"You canker blossom!" 3 Shakespearean Insults
"to cheat, swindle," 1806, from dialectal duddle, diddle "to totter" (1630s). Meaning "waste time" is recorded from 1825. Meaning "to have sex with" is from 1879; that of "to masturbate" (especially of women) is from 1950s. More or less unrelated meanings that have gathered around a suggestive sound. Related: Diddled; diddling.
[cheating sense said to be fr Jeremy Diddler, a character in the 1803 novel Raising the Wind, by James Kenney]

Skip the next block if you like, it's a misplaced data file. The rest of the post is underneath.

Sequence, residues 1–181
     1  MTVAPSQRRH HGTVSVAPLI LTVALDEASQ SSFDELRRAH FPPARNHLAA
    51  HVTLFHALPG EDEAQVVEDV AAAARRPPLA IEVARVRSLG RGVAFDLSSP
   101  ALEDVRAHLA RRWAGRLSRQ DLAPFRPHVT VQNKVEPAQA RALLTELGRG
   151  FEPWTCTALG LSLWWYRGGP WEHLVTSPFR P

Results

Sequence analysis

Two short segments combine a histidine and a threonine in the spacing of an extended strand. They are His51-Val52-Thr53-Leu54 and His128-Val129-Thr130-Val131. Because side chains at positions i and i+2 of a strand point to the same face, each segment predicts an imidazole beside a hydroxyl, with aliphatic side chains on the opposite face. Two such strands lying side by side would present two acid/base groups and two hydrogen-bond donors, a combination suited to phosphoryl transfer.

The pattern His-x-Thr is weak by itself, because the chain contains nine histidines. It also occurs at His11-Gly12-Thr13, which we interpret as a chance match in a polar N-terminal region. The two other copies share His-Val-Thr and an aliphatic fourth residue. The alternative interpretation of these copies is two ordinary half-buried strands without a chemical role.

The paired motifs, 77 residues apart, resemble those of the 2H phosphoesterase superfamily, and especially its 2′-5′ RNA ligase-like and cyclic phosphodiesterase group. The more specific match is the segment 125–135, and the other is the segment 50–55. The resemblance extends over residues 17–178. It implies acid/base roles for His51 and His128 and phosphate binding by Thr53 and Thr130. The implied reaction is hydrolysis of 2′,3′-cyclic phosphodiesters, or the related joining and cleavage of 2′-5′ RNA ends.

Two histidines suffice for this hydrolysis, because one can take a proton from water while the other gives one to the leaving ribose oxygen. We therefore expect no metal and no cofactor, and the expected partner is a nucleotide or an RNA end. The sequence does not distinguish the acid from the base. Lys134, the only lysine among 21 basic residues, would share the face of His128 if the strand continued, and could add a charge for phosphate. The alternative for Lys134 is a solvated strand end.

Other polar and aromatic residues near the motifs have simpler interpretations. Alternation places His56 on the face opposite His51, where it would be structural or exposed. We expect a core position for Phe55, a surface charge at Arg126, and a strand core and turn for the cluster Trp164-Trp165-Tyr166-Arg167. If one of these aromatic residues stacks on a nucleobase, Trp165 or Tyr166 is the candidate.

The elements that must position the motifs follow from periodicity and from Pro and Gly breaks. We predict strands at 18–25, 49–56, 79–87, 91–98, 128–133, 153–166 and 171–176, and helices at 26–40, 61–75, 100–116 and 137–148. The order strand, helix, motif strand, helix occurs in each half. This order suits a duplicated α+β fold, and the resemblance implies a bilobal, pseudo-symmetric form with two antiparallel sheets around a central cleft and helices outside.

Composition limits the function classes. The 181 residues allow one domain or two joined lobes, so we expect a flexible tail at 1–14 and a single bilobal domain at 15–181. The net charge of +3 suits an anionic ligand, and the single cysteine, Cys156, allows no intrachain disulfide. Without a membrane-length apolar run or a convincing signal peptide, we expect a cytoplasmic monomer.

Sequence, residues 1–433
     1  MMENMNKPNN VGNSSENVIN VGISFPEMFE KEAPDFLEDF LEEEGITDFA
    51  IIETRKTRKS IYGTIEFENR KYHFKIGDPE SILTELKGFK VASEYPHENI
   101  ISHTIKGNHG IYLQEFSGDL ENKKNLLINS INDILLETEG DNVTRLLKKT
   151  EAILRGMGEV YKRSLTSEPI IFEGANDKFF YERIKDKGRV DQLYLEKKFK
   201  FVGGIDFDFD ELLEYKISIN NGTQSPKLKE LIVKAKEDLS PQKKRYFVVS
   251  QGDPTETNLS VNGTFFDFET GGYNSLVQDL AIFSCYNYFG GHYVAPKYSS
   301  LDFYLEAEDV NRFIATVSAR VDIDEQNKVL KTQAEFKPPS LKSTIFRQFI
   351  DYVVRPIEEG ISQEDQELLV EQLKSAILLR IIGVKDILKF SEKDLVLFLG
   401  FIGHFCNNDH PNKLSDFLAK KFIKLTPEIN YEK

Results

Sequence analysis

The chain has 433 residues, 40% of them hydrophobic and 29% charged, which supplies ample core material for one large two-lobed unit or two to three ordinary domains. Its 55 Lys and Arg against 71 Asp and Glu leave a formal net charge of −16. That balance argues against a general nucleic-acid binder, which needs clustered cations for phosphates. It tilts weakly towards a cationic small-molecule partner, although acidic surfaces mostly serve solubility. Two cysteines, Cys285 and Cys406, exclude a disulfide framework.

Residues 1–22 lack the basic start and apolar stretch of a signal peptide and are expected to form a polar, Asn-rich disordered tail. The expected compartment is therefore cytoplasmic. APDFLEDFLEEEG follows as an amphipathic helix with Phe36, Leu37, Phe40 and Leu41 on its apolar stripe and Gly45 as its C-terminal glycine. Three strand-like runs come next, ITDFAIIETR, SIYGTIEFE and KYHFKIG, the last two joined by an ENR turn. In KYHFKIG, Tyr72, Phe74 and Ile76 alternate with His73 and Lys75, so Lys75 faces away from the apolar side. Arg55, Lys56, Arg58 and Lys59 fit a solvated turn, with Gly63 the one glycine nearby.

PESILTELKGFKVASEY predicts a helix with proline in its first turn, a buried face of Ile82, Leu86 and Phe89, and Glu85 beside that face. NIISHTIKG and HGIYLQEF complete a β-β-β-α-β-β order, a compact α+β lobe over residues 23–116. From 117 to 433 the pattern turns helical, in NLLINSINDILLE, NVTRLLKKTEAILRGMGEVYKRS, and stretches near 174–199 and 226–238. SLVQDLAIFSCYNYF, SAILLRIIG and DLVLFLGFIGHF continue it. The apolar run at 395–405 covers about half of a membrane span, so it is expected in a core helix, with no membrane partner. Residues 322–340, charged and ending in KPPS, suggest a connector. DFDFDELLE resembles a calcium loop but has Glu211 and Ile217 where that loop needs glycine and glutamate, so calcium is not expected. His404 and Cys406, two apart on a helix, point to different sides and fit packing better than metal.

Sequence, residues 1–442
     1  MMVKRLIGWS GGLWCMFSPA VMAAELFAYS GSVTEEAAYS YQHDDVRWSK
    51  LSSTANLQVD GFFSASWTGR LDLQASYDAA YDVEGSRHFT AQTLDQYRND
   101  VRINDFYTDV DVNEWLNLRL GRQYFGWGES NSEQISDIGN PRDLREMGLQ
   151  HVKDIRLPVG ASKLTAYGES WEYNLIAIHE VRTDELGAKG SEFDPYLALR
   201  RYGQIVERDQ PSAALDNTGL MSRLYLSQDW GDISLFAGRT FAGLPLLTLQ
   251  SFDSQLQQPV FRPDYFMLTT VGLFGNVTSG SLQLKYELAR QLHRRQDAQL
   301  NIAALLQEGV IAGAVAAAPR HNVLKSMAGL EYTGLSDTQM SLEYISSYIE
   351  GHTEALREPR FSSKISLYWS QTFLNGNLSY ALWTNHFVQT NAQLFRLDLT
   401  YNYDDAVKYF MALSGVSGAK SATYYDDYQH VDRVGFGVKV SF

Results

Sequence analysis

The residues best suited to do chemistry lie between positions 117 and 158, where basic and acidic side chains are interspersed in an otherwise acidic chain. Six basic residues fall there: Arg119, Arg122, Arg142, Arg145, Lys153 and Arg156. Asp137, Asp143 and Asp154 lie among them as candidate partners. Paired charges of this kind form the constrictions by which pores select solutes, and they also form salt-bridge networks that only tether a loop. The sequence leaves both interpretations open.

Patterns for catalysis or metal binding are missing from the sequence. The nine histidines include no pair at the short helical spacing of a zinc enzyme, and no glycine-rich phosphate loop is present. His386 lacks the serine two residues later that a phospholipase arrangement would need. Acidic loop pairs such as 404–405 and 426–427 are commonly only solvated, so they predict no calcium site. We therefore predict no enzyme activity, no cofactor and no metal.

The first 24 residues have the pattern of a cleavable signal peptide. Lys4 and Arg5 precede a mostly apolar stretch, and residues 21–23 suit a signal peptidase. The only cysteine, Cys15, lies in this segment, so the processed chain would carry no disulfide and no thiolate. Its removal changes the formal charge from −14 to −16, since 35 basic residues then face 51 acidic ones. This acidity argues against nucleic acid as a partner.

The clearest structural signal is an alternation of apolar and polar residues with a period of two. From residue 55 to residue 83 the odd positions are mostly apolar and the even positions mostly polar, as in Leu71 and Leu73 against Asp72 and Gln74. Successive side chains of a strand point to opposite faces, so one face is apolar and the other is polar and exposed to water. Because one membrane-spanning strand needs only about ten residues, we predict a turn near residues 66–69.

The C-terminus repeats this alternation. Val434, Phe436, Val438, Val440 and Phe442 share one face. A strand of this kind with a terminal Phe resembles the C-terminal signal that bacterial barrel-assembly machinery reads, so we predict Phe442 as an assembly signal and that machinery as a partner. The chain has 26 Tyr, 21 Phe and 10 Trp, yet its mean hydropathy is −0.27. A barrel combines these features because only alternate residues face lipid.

1. To work with or modify in a not particularly serious manner. "I diddled a copy of ADVENT so it didn't double-space all the time." "Let's diddle this piece of code and see if the problem goes away."
See tweak and twiddle.
2. The action or result of diddling.
See also tweak, twiddle, frob.